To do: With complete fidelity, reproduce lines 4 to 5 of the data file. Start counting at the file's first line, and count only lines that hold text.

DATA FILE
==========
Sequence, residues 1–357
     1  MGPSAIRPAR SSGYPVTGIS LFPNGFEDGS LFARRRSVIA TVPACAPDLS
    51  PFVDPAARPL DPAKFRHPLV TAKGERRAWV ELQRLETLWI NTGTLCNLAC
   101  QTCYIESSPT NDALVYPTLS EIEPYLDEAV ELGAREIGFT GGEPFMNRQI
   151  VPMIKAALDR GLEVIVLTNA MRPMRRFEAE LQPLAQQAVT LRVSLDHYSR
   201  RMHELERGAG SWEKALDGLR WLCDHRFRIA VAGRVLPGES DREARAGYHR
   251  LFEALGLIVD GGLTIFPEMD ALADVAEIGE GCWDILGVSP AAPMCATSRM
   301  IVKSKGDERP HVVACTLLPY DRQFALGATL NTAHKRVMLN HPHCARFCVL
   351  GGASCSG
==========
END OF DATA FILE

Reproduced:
   101  QTCYIESSPT NDALVYPTLS EIEPYLDEAV ELGAREIGFT GGEPFMNRQI
   151  VPMIKAALDR GLEVIVLTNA MRPMRRFEAE LQPLAQQAVT LRVSLDHYSR